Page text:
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HARRISBURG, Pa. (Reuters) - The fate of 1,404 bottles of rare wine seized from a private collector under Pennsylvania's strict liquor laws hangs on a judge's ruling next week on a loophole that may allow hospital "use" of forfeited liquor.
The wine was confiscated in 2014 under a Pennsylvania law that limits nearly all alcoholic beverage sales to its chain of state liquor stores, none of which sells rare vintages.
It was among a cache of 2,447 bottles with an estimated value of at least $125,000 that Pennsylvania State Police seized from Arthur Goldman, a lawyer in Malvern, Pennsylvania.
Chester County Hospital in the Philadelphia suburb of West Chester filed a court petition on Friday seeking custody of the wine, which it hopes to resell for charity under an obscure provision of state law that allows forfeited liquor "to be delivered to a hospital for its use."
Goldman, who admitted selling the wine to private enthusiasts, received a form of probation aimed at eventually clearing his record.
State police moved ahead with plans to destroy the confiscated wine, which had been placed in an evidence room in Philadelphia.
That possibility horrified wine enthusiasts and even the Pennsylvania Liquor Control Board, which urged a solution that would preserve the wine that it said included "rare and hard-to-obtain vintages."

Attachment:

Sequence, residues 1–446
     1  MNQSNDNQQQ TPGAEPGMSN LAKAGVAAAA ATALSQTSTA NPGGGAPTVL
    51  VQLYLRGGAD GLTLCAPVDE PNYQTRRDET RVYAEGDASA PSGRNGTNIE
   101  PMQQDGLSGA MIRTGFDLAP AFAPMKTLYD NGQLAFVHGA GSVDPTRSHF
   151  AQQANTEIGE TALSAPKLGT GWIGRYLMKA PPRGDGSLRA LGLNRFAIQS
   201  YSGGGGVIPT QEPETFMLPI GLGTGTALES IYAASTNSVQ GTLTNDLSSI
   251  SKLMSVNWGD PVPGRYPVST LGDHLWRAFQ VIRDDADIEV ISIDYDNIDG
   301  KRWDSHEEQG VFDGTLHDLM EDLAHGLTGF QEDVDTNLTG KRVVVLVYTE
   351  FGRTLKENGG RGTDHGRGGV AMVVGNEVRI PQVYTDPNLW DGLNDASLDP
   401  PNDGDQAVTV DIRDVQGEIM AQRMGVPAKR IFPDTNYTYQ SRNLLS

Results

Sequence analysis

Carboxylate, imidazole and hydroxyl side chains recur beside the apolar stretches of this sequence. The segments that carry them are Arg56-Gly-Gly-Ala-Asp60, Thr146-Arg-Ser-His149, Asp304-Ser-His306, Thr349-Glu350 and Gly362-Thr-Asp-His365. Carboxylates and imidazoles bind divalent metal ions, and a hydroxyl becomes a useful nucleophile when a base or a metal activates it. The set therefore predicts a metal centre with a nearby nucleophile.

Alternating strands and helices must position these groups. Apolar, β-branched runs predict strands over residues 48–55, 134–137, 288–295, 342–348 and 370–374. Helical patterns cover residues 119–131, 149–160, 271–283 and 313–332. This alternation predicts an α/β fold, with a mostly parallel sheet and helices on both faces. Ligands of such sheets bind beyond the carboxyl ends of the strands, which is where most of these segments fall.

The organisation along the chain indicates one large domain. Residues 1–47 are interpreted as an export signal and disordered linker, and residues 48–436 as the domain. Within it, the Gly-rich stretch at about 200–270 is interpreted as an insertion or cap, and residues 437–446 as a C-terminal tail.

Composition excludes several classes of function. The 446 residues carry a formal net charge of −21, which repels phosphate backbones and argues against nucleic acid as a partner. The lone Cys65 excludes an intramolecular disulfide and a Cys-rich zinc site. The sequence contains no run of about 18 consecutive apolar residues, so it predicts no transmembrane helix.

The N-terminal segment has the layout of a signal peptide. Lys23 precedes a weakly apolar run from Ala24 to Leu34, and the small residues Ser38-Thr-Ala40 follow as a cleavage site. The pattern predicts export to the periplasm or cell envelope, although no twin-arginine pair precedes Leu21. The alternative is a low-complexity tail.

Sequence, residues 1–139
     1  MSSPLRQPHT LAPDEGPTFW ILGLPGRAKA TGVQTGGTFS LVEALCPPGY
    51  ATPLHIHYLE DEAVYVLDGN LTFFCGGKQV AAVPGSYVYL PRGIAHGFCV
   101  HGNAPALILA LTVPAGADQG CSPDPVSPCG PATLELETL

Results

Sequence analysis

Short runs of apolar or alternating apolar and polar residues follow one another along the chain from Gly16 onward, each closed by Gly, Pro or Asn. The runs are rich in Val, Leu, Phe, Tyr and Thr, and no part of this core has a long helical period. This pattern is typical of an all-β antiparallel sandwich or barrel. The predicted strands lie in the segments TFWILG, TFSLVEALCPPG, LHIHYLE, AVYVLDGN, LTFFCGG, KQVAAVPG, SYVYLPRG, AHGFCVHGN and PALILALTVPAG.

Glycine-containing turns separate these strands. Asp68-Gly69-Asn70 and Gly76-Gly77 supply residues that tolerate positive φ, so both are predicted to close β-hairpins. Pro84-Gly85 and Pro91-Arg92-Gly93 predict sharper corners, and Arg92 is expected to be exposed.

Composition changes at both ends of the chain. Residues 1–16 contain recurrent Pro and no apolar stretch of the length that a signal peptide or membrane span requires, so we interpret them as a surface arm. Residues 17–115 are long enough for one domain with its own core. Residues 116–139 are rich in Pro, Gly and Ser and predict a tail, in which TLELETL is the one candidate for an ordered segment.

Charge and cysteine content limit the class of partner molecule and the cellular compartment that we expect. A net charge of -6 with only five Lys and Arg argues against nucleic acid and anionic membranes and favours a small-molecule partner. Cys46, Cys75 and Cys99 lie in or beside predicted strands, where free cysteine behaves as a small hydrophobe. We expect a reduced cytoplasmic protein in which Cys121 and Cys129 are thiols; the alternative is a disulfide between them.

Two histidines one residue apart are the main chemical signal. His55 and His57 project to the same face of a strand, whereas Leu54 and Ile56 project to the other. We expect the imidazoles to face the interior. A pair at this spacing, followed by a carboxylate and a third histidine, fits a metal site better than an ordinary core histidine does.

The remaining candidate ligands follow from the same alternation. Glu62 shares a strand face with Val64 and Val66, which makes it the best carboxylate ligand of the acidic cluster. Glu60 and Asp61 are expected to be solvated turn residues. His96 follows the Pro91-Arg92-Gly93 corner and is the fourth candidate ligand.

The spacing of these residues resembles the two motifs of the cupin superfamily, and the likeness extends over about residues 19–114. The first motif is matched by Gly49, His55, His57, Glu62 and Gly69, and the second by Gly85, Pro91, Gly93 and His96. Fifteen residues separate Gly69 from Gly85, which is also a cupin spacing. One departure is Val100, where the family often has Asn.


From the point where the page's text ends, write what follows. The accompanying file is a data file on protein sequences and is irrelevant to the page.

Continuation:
A week ago, Goldman reached a settlement with state police allowing him to reclaim 1,043 bottles of the forfeited wine. The remaining 1,404 bottles are being sought by the hospital.
Goldman and his lawyers, while praising the settlement, would not answer questions about it.
Never before has forfeited liquor been turned over to a third party, Trooper Adam Reed, a state police spokesman, said on Tuesday.
Chester County Judge Edward Griffin will decide on Sept. 3 whether state law intended hospital wine donations to be only for medicinal purposes, or whether the hospital can legally resell the bottles for charity.
Editing by Barbara Goldberg and Peter Cooney